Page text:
Ernst Ludwig Kirchner, Sertigtal im Herbst

100 Years of The Magic Mountain: a Conversation and Concert with Samantha Rose Hill, Paul Holdengräber & David Kaplan

Villa Aurora / Thomas Mann House
1550 N San Remo Drive
Pacific Palisades, CA 90272

Join the Japanese American Cultural and Community Center, the Brooklyn Institute for Social Research, the UCLA Herb Alpert School of Music, and the Thomas Mann House Los Angeles as we celebrate 100 years of Thomas Mann’s The Magic Mountain!

Published in Germany in 1924, The Magic Mountain tells the story of Hans Castorp, an ordinary young man who goes to visit his cousin Joachim in a Swiss tuberculosis sanatorium for three weeks and ends up staying for seven years. Set on the precipice of World War One, the novel captures the spirit of prewar Europe and the ailments of the modern world: isolation, mass epidemics, the plight of progress, and industrial alienation. Mann’s ever-timely novel offers meditations on love, loss, time, what it means to become a person in the world, and what it means to face death.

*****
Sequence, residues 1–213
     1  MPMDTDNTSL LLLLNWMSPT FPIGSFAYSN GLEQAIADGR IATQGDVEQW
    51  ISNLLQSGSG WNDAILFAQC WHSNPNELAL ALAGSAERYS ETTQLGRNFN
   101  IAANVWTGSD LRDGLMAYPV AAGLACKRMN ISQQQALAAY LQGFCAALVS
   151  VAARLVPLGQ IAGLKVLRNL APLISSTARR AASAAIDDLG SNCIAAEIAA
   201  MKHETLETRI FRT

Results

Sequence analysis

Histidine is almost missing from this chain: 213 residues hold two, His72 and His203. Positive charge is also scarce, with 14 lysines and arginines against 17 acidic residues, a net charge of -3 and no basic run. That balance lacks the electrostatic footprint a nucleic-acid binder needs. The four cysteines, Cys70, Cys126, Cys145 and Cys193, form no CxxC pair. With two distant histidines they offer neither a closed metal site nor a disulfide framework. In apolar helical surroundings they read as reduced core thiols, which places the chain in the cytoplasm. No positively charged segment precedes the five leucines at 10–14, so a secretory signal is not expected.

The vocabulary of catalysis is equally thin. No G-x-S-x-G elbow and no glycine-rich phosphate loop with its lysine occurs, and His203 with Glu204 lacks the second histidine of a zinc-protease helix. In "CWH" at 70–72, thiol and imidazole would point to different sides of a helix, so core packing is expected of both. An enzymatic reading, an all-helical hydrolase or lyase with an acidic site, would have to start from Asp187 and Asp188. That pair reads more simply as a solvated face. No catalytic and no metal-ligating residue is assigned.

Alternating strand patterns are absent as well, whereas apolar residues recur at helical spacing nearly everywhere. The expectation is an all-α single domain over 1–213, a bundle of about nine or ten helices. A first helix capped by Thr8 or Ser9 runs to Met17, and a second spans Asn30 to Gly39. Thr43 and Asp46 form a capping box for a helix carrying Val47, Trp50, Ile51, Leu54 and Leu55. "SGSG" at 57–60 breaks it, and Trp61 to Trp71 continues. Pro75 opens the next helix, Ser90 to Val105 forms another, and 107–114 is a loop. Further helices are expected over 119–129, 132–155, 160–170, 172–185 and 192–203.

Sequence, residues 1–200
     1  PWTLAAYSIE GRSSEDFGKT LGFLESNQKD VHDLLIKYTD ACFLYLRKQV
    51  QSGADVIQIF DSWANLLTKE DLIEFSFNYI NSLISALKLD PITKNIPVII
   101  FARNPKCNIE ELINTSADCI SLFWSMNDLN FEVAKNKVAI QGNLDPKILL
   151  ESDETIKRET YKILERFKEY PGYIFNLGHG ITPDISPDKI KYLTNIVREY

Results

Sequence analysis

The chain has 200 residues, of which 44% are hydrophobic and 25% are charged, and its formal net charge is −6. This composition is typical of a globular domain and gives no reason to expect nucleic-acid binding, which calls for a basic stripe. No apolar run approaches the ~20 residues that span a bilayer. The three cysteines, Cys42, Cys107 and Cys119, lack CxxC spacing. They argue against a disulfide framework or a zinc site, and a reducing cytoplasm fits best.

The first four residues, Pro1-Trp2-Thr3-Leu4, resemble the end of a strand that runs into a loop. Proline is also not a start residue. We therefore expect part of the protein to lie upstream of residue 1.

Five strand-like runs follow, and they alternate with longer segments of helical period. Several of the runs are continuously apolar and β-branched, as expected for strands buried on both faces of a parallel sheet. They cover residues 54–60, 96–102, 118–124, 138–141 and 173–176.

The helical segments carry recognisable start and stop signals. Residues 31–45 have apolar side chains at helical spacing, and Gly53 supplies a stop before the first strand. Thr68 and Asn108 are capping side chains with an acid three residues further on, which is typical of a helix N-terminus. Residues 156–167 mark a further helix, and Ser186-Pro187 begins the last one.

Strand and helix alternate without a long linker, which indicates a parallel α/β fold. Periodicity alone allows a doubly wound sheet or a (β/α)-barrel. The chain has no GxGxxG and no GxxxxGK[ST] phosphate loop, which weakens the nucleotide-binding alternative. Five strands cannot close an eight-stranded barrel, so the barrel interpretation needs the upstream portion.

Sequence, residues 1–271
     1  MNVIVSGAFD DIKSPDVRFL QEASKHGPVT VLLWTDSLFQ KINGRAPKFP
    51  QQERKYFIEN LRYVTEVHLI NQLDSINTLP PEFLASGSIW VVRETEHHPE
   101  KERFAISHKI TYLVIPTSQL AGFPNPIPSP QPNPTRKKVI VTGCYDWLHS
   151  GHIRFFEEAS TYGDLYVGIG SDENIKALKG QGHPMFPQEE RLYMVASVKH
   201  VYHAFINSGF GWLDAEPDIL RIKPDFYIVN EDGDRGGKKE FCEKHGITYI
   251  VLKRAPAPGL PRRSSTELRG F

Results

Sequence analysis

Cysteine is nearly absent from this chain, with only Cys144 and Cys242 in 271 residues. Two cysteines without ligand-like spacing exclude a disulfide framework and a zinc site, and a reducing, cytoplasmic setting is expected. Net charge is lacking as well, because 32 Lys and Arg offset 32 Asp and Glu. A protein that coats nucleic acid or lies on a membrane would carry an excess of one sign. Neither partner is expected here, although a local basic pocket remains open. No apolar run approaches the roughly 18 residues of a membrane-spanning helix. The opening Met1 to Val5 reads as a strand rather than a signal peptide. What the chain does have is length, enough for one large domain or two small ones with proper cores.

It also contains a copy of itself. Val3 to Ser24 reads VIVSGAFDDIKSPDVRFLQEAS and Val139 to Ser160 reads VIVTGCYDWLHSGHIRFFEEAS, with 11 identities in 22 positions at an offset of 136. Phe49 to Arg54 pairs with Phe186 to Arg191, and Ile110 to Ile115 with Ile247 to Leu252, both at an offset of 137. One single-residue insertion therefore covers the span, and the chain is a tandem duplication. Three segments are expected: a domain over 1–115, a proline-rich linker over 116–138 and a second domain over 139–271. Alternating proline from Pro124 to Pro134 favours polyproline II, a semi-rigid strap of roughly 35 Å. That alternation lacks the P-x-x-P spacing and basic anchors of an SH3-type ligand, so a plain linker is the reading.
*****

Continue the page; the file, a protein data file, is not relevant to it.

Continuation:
To mark the 100th anniversary of Mann’s modernist masterpiece, we cordially invite you to the living room of the writer’s home in exile for a conversation on pilgrimage between author and scholar Samantha Rose Hill and curator and interviewer Paul Holdengräber. What does it mean to leave the world of everyday life and undertake a journey? How does travel inform one’s perception of text, artwork, love, loss? In what ways does one’s experience of time change when one finds oneself perpetually caught in between the longing for home and flight of adventure? Can Mann’s work help us to think about our world today, a world defined by a sense of displacement, longing, loneliness, and war? Is it the x-ray we need to help us see more clearly right now?

Before and after the conversation, acclaimed pianist David Kaplan and students from the UCLA Herb Alpert School of Music will perform, on Thomas Mann’s historical piano, Claude Debussy’s Prélude à l’après-midi d’un faune, a favorite piece of music of Hans Castorp in the novel, as well as Lindenbaum from Franz Schubert’s song cycle Winterreise.

This event is part of a seminar on The Magic Mountain offered by the Brooklyn Institute for Social Research & the Japanese American Cultural & Community Center. Led by Samantha Rose Hill, this course reads the entirety of The Magic Mountain alongside short selections from medical journals, critical reviews, Mann’s correspondence, and lectures, while asking: What does it mean to be healthy? How does modernity change our conception of time? How might we think about enchantment in the modern world?

For registration information, please visit the Thomas Mann House event page.

Event Schedule

Tuesday, 7:00pm PT
March 26, 2024

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